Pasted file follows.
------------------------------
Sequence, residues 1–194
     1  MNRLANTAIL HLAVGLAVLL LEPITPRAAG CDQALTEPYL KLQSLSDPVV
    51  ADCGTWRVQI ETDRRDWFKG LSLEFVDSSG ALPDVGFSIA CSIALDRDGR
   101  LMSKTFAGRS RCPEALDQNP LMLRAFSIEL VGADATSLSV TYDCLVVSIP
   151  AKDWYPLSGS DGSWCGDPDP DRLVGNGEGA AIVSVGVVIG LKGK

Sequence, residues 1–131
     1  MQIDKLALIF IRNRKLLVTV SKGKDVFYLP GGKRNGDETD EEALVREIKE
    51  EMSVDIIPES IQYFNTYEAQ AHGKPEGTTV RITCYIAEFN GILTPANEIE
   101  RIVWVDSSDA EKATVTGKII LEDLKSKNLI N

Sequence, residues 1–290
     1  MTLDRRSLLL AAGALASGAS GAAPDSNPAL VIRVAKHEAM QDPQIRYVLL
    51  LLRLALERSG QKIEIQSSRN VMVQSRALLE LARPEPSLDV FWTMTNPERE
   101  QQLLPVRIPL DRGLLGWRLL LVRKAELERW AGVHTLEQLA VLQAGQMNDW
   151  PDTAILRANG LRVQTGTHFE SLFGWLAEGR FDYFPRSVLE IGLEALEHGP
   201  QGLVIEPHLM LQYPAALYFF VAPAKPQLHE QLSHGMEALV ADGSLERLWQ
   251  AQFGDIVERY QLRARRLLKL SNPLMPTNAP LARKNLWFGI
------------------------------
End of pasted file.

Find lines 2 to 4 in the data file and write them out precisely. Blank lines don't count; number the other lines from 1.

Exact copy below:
     1  MNRLANTAIL HLAVGLAVLL LEPITPRAAG CDQALTEPYL KLQSLSDPVV
    51  ADCGTWRVQI ETDRRDWFKG LSLEFVDSSG ALPDVGFSIA CSIALDRDGR
   101  LMSKTFAGRS RCPEALDQNP LMLRAFSIEL VGADATSLSV TYDCLVVSIP